The SDLP want Northern Ireland to work. We want it to work in a way that allows every citizen to reach their full potential. We are not prepared to sacrifice good governance now in the hope of achieving a pipe dream version of a united Ireland in the future. In fact, we believe that a strong functioning North, with increased co-operation and integration with the Republic, will inevitably lead to unity – a better kind of Irish unity. .. source

    Some years ago I challenged Conall McDevitt to define what he meant by ‘region’. For him, Northern Ireland was a region of Ireland and a region of Europe; I pointed out that it was also a region of the UK. ‘Don’t mention the unionist aspiration’ seems to the style of these constitutional nationalists; unionism is merely a tradition on the island of Ireland.

    Mutual respect for the opposing aspirations just isn’t on the unionist and nationalist agendas.

  • mickfealty

    I agree the SDLP policy cupboard on making Northern Ireland work is a little bare right now, but how would it work without a lot more than grudging respect for aspirations Nev?

  • Declan Doyle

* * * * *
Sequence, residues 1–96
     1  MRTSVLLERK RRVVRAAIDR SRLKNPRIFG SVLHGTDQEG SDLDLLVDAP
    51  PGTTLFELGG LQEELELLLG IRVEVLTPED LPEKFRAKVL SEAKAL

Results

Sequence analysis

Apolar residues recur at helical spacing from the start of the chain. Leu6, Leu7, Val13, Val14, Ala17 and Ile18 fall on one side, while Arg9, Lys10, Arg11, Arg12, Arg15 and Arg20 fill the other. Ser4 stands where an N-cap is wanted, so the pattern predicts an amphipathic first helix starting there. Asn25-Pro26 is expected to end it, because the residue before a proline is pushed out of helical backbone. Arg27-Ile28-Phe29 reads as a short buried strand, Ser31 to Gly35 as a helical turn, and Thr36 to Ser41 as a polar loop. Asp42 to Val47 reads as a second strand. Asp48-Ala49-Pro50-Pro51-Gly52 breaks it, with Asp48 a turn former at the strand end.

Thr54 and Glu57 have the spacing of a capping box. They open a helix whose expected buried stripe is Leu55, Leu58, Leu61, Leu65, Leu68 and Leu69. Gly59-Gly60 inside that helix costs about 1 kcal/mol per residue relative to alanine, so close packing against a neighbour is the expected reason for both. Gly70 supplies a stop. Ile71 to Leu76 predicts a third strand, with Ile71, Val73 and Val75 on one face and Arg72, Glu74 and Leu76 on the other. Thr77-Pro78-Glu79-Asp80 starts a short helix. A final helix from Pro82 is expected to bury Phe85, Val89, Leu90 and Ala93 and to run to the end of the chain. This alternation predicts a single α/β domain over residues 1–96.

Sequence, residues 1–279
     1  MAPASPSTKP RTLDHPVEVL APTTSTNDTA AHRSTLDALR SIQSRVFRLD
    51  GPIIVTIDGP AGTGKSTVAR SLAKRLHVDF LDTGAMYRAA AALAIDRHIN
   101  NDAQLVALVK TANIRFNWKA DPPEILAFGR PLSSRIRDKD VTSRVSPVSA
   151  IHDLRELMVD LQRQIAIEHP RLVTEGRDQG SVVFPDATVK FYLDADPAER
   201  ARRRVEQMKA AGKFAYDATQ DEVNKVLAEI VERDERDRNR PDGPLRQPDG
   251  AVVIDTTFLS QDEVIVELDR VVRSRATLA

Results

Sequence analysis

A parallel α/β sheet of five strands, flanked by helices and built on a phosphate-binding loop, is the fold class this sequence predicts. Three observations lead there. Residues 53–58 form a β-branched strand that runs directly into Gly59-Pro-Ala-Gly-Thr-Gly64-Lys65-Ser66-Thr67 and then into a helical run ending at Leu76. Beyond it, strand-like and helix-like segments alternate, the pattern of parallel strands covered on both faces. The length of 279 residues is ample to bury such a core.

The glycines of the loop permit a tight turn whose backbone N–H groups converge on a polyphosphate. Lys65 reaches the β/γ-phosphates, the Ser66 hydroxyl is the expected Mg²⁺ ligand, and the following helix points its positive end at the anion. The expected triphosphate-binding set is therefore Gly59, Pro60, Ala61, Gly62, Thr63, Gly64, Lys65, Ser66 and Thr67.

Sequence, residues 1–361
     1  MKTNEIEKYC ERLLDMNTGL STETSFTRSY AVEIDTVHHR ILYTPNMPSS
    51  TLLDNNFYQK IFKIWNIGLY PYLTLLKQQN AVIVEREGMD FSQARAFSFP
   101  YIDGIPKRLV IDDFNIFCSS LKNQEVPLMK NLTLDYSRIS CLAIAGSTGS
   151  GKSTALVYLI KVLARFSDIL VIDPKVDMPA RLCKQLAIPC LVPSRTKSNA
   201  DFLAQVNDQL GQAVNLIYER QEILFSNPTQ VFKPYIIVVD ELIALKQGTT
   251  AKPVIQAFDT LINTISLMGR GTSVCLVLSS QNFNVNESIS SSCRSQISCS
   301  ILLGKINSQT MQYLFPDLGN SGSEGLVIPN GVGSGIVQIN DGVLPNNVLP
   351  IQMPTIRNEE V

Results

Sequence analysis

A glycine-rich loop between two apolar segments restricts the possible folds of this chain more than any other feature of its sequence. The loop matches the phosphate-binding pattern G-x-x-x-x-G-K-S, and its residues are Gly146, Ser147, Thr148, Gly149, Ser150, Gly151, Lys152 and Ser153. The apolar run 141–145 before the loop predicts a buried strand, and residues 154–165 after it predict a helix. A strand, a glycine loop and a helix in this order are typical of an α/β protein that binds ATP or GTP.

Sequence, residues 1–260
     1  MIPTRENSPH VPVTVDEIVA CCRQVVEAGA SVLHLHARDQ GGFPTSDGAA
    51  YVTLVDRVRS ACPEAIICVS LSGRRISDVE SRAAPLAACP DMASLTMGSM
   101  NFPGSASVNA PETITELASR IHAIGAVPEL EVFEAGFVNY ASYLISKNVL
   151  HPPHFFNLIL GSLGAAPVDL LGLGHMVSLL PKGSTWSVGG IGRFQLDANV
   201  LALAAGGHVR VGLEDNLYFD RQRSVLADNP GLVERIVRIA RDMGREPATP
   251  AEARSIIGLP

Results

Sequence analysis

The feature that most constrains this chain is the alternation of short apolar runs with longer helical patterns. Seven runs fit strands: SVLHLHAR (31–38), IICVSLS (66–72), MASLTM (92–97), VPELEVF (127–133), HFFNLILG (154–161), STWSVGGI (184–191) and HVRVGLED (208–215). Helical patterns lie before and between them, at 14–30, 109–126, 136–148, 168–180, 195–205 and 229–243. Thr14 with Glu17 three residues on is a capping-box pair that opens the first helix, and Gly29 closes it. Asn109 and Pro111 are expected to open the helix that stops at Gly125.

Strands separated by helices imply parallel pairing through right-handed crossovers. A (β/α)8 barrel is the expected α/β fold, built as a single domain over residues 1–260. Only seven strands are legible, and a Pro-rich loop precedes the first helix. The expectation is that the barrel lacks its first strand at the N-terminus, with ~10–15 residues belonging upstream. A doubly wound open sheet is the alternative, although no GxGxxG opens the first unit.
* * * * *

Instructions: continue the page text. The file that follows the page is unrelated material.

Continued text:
Like many establishment media commentators; Newton’s oft accurate but habitually lazy style of journalism skins everything down to the point where only Sinn Fein can be blamed for the ills at our feet. The issue for all those who wish to see integrated education become the rule rather than the exception must be to convince parents that non faith based schools are the best way forward; first for their children and then for society as a whole.

    Northern Ireland exists, whether SF wants to say it out loud or not is irrelevant. But Northern Irish society still has a lot of growing up and facing up to do. The SDLP are not going to challenge the right of Catholic schools to exist come hell or high water, and they are aware that making Northern Ireland work needs to be framed around mutual respect for culture, identity, language and religion (or none).

    This is a heavy task and one that involves not forcing the bible down other people’s throats, accepting British and Irish Identity alongside Northern Irish and allowing both traditions, flags, symbols, language and cultural identity to enjoy equal status regardless of the constitutional situation.